Ken writes in his Judgment Day:
John’s use of the biblical quotes are interesting. They sound like a prohibition on passing judgements, or, maybe a warning that if one does choose to speak out one’s judgements then one must accept the possibility of being held to account for the very things one is using to judge others. Perhaps interpretivism has its roots here, in the sense that, perhaps one should not be judgemental of another until they “walk a mile in the other’s mocassins“.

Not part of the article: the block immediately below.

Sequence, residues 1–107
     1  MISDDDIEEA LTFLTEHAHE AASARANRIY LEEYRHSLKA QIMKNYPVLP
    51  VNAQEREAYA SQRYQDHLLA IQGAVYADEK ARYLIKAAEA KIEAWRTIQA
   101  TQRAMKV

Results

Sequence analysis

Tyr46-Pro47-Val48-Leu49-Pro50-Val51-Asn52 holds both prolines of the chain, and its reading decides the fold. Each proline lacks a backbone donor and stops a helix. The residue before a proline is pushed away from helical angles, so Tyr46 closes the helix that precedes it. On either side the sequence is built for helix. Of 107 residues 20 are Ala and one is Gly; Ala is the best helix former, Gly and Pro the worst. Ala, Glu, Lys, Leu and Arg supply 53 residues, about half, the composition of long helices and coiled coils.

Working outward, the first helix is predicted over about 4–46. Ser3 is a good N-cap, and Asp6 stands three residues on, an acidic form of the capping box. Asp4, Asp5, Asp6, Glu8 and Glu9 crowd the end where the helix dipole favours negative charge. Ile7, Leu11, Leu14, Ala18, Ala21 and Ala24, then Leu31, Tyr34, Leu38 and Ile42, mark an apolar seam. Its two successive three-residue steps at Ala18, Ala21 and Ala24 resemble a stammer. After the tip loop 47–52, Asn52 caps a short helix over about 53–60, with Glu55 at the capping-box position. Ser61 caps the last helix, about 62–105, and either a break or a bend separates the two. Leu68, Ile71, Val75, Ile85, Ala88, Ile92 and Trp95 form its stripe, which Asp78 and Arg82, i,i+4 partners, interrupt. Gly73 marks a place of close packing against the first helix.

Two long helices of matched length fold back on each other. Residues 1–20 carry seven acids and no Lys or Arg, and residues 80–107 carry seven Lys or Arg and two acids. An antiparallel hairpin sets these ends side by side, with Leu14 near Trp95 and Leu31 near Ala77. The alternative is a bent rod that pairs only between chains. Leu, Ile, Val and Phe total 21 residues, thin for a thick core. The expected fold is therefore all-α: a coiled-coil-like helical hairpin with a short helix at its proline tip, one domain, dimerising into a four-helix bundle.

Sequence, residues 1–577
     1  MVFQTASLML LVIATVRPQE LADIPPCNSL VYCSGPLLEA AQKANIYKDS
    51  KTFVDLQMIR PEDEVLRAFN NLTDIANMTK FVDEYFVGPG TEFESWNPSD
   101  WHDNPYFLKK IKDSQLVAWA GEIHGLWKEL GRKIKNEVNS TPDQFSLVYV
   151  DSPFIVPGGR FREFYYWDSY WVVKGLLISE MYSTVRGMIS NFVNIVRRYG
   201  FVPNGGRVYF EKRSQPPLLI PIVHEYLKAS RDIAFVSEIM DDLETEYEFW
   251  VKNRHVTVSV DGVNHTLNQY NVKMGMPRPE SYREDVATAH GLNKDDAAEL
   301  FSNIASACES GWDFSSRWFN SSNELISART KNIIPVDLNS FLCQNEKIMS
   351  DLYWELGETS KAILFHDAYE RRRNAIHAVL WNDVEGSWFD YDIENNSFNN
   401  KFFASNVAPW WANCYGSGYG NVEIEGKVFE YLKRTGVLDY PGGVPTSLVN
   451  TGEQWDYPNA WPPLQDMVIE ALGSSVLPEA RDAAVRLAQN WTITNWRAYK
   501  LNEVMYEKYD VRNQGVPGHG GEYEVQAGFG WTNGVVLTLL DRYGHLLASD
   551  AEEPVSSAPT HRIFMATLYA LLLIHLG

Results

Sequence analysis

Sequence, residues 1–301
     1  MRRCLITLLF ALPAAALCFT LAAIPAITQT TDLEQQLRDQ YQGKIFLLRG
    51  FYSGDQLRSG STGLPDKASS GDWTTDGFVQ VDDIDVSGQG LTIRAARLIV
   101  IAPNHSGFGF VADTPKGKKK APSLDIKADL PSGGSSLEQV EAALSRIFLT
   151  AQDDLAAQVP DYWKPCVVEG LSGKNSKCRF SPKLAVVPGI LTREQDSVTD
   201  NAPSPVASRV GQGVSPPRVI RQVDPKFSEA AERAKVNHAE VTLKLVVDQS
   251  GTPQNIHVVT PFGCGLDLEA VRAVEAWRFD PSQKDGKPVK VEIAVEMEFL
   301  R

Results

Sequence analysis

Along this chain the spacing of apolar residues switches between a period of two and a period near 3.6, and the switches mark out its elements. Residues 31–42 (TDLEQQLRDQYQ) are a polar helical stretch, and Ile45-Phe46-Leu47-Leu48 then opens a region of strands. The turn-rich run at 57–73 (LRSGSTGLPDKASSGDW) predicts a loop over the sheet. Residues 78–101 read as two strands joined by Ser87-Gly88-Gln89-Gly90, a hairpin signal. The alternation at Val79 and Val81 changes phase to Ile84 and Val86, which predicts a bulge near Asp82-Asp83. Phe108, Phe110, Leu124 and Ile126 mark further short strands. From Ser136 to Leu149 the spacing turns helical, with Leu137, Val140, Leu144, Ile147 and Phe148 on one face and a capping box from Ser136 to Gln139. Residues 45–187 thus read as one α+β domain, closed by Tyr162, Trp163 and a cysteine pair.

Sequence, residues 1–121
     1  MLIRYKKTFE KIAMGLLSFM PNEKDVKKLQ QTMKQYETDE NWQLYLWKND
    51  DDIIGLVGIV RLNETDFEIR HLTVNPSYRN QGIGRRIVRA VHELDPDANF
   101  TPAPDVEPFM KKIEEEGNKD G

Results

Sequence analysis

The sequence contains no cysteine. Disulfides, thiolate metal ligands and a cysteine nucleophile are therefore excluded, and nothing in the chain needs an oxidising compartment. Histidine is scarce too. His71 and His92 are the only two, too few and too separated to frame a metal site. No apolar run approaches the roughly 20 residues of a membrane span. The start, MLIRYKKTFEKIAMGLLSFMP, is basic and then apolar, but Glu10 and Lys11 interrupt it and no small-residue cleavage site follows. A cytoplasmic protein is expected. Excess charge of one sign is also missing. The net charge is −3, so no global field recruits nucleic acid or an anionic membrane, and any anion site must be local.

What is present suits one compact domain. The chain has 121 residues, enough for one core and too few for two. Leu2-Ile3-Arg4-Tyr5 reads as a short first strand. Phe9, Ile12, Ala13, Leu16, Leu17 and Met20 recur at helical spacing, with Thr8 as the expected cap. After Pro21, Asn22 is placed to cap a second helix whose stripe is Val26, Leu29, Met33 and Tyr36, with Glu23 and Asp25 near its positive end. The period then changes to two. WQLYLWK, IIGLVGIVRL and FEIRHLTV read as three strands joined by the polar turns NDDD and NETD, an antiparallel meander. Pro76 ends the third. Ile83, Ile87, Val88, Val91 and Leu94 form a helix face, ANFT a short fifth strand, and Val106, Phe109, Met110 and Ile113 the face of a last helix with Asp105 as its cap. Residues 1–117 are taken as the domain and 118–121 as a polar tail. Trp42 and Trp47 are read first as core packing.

Would it depend whether judgement is based personally or professionally?
on professional judgment, teachers have been trained, encouraged and passed professional judgment to decide on the competency of the candidates. This way of judgment has been used for decades, especially under the paradigm of competency based training and assessment. Within this framework, knowledge and skills could be transferred and acquired through training and development. How does this compare to the connective knowledge, where it emerged out of the interactions/connections rather than acquired or transferred from one person to another like a thing? How would you make your judgment? On personal basis?